Intel Starts 45nm Transition, Crossover of 45nm and 65nm Shipments in mid-2008

Intel Makes Optimistic Projections Concerning Transition to 45nm Process Technology

by Anton Shilov
11/30/2006 | 11:05 PM

Following the announcement concerning sampling of the code-named Penryn processor made using 45nm process technology, Intel Corp. said that the company had already started to shift one of its fabs to 45nm fabrication process and that the crossover in shipments of 45nm and 65nm products will occur in 2008, inline with typical transition pattern.

 

Rob Willoner, technology analyst at Intel's technology and manufacturing group, is reported to have said that the world’s largest chipmaker Intel Corp. had already started transitioning to 45nm manufacturing technology at its D1D fab in Oregon, according to a news-story at DigiTimes web-site.

The firm expects the first commercial 45nm microprocessors to leave the D1D fab’s doors sometime in the second half of 2007. Typically, it takes Intel several quarters to reach the crossover between shipments of products made using the previous and next-generation process technologies. According to Mr. Willoner, 45nm would not be an exclusion and the crossover between 45nm and 65nm products will be reached in 2008.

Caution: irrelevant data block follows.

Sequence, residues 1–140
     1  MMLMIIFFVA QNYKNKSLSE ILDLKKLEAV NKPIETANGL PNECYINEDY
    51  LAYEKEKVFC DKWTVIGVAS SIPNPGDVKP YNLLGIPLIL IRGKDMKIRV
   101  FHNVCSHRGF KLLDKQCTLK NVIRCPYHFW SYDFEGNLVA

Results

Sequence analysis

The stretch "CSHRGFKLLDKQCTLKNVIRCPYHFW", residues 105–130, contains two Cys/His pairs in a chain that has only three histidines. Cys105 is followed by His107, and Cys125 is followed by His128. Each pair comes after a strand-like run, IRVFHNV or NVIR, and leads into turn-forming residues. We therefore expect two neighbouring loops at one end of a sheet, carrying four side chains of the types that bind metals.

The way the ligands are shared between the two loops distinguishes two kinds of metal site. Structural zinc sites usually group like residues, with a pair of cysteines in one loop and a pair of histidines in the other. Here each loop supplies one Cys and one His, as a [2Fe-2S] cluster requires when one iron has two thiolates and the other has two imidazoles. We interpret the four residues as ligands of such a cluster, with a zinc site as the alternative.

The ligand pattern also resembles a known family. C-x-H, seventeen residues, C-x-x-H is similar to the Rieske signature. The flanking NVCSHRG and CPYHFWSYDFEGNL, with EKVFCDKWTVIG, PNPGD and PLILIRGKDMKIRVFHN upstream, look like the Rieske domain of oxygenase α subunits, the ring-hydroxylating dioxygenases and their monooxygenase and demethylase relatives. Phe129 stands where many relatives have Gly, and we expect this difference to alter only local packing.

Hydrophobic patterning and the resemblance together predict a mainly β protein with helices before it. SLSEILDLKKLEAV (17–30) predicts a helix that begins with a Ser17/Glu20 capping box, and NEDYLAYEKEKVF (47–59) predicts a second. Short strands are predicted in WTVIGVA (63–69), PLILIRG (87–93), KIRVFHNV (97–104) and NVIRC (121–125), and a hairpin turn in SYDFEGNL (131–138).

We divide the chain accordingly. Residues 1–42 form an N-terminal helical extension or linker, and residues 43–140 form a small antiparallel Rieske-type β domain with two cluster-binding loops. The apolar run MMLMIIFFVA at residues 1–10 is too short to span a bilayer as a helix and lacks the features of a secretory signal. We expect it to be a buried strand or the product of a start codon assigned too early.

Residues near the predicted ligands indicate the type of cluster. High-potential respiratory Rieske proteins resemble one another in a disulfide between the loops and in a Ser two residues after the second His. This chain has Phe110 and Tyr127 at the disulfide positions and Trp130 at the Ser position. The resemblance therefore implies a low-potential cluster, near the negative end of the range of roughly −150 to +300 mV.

Effectively, the shipments crossover means that by late 2008 Intel will produce more advanced processors with the Core 2 micro-architecture with SSE4 set of instructions.

Intel announced in mid-October that that it has fifteen microprocessor designs set to be manufactured using 45nm process technology, including such products like Bloomfield, Yorkfied and Wolfdale. Intel is currently sampling the code-named Penryn processor at 45nm fabrication process, which will ship to customers in the second half of 2007.

No official details concerning the Penryn chip design were announced this time, however, according to previously published news-stories, the chip code-named Penryn is a 45nm incarnation of the dual-core Intel Core 2 Duo processor for mobile computers (code-named Merom) with SSE4 technology that, Intel promises, is set to benefit a variety of applications, including those involving graphics, video encoding and processing, 3D imaging, gaming, web servers and application servers. It is unclear what kind of advantages besides the SSE4 the new chips will have over the current Intel Core 2 Duo product family.

Typically, thinner manufacturing process may allow Intel to crank up clock-speed of the chips, enlarge its cache sizes, reduce power consumption and make them cheaper to make.